TH: Disagree. From a  Dell perspective, we’re committed to it, but there is monitoring and management.
DS: Survey after survey after survey shows that most companies are taking a different approach, and are becoming more restrictive. Laurel Papworth is a good source for this. 
One of the audience asked about the death of e-mail. Euan siad he didnt think it was dead, but people need to learn to manage it better. Trish agreed. The questioner asked then if e-mail was more considered than Twitter, which Dirk countered by saying that 140 characters forces consideration. 
Biggest Blockers?
ES: Culture
TH: Sales force who think it gets in the way of the sale
DS: Bosses, who don’t think it’s work. 

Niall Cook on Corporate Social Networking

Niall Cook has started his talk with a challenge to preconceptions about social networking in corporates. It's not a case of buying something with Enterprise 2.0 on the box and thinking it will work. It won't. 

Any innovation in history usually is based around a technology that has been around for a while, but it requires a perfect political. social, technological storm to make it work.
The credit crunch is what is making it work. The "R" of ROI doesn't need to be much if the "I" is very small. You don't need to spend millions to get something that works. Our existing internal systems don't work. E-mail is overloaded. Intranets aren't working either. They're not collaboration tools, they're publishing tools and nobody's interested. The more social stuff is the only place that traffic will be holding up.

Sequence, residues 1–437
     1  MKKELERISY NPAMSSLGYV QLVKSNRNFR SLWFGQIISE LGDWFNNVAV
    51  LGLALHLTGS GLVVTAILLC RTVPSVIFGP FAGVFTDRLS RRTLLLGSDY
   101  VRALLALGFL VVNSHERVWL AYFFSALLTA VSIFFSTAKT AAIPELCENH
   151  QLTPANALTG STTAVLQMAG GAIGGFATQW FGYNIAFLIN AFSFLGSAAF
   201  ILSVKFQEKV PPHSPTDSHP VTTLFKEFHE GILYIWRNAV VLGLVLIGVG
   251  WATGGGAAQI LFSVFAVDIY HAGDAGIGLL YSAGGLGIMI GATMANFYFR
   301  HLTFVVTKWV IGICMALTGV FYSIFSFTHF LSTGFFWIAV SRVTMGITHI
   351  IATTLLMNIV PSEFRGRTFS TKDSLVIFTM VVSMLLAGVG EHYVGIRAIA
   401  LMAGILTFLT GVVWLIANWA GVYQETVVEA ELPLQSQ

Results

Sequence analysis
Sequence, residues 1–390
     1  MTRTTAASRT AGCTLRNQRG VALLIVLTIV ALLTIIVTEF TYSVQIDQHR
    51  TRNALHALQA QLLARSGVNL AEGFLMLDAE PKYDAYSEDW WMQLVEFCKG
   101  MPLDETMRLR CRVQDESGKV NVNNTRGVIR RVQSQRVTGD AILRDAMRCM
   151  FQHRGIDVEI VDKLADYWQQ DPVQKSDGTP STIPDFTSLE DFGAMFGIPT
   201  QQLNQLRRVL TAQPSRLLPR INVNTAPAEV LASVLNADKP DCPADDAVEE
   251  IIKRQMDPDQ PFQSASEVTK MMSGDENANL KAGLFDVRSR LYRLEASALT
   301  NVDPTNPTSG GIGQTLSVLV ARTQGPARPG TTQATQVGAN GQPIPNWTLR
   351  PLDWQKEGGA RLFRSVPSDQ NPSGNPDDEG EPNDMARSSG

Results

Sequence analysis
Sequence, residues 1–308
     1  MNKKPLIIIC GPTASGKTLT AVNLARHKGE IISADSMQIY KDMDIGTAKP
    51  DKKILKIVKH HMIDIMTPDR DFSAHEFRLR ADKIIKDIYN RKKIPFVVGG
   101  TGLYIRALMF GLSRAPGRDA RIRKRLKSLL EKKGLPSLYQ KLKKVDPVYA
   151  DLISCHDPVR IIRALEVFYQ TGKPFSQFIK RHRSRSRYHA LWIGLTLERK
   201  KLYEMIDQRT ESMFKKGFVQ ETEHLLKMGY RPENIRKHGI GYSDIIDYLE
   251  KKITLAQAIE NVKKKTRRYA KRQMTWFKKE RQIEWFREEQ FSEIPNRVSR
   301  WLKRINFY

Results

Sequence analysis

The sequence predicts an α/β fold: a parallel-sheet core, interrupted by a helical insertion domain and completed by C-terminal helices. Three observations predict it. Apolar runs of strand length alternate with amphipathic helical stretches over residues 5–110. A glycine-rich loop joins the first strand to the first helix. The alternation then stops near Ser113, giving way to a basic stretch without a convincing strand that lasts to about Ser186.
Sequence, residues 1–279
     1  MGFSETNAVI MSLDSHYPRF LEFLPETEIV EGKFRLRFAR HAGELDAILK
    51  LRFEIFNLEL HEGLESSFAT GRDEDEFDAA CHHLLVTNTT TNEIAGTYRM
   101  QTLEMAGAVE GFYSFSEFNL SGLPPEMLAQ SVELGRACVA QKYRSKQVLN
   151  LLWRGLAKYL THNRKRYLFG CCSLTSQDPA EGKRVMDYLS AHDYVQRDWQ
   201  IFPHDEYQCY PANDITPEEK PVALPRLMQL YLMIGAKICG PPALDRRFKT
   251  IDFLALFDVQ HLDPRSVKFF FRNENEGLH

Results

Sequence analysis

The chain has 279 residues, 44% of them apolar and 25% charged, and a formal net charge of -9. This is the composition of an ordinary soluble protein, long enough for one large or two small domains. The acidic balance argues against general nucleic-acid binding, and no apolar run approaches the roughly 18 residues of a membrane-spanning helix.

There's a shift from CEO as God to CEO as guide. And employees don't want command and control any more - they want managed engagement. The research says that if you're employees aren't engaged, they're creative negative value for your company. 
The workplace and the business are changing. It's more mobile, and more information-focused. The expectation of the workforce is greater than ever. They don't go "I'm at work now, I'm quite happy working in this structured, clunky system and then go home and use Facebook." They won't put up with the old-fashioned stuff any more. There's a shift in the psychological contract between employer and employee.
Digital natives are entering workforce - they don't care what impact their technology choices have on the business. Technology is part of their culture and they won't leave it at the door. 

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Le Web 08: The Social Stack

marc canter

Marc Canter (who didn't, in fact, perish yesterday) lead an entertainingly scrappy session on open standards around social information. He started by giving Facebook's senior platform manager Dave Morin a hard time about Facebook apps. Has the social network pushed apps back with the recent revamp of the site?